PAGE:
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FLEXO Magazine : June 2008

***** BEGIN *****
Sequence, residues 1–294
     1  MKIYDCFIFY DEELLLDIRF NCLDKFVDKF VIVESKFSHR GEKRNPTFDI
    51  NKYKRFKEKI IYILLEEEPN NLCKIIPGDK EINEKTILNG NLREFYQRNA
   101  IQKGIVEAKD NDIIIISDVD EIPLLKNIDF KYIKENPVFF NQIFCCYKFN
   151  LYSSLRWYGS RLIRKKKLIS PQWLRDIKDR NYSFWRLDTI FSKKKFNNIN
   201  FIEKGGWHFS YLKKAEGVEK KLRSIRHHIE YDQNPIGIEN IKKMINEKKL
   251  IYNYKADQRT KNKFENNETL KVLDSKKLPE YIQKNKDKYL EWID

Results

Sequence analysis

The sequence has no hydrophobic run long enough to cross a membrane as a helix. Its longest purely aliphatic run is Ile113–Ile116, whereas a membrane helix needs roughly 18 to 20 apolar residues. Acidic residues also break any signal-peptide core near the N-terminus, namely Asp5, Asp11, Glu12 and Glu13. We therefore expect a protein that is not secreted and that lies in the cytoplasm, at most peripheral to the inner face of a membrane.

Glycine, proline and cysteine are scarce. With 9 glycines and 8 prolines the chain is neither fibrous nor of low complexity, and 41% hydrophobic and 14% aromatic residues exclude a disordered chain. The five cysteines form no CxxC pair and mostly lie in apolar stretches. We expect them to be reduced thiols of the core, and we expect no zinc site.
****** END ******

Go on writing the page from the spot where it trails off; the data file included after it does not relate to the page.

TECHNOLOGIES & TECHNIQUES FIRST 4.0 For Designers: What's New? By Bill Pope S ince its inception more than 10 years ago, FIRST (Flexographic Image Reproduction Specifications and Tolerances) has sought to inform the entire value chain of flexographically produced printing and packaging about the process dynamics that need to be monitored, documented, and controlled to yield consistent results. While this may seem like something just the prepress and printing operations should be concerned with, there's actually quite a large role the designer plays in the final outcome of the process, and it's not just the obvious aesthetic impact of the design. Much of what is in the design can have a significant impact on the final quality and the consistency of the product. The more the designer knows about the process to be used to print and convert the design into the final piece, the better he/she can be at creating designs that print well and do so efficiently. FIRST 4.0 is about to be released, and there are significant up- dates and upgrades to the information for all parts of the value chain from design to prepress to the pressroom. Below are some of the more significant changes in the design section of FIRST 4.0: RESPONSIBILITIES In past editions, FIRST has been somewhat general in its de- scription of responsibilities. The new version gets much more specific as to the responsibilities of everyone in the value chain: the consumer products company (CPC), the designer, the prepress provider, and the printer. Designers often find themselves in a balancing act of trying to convey as best as possible the wishes or intent of the CPC and providing something the printer can repro- duce consistently that meets the customer's expectations. The best way to accomplish this balance is to understand the capabili- ties of the printing system and design within them. A winning design is not one that can be produced and look great on an ink- jet printer, which then falls short when it's reproduced on press. It's always best to get the prepress provider and printer involved as early as possible. - COLOR MANAGEMENT AND PROOFING This section has been greatly expanded upon. Since the 3rd Edition came out, there has been a great deal of work done through the FTA's FQC project team in identifying what current, typical flexographic printing looks like. The goal is to have sev- eral ICC profiles freely available that anyone can use to simulate the final printed piece at any stage in the reproduction process. This includes early-on concept proofs, be it hard copy (inkjet, for example) or soft proofing (on calibrated displays) all the way through to final contract proof. Oftentimes, designs are proofed on an inkjet printer that has a very large gamut with colors outside the capability of the printing press. If allowed to go through, that proof is then often used as the color target to which the printed piece is compared. Disappointment sets in, gymnastics are performed on the press (changes in inks, plates, etc.), and ultimately expectations are not met leading to upset customers-nobody wins. Instead, if a profile that represents "typical" flexographic printing is utilized up front, limiting the gamut of the inkjet proof (or display for soft proofing), thereby preventing colors the printing press can't reproduce from being imaged; then all the parties have a much more realistic representation of the final printed piece and can make design adjustments for that reality. It's not smart to ignore the cold hard fact that the printing press typically has the smallest color gamut in the reproduction process. Acknowledging it and dealing with it appropriately will help to minimize or eliminate any surprises at the printing press. JUNE 2008 www.flexography.org FLEXO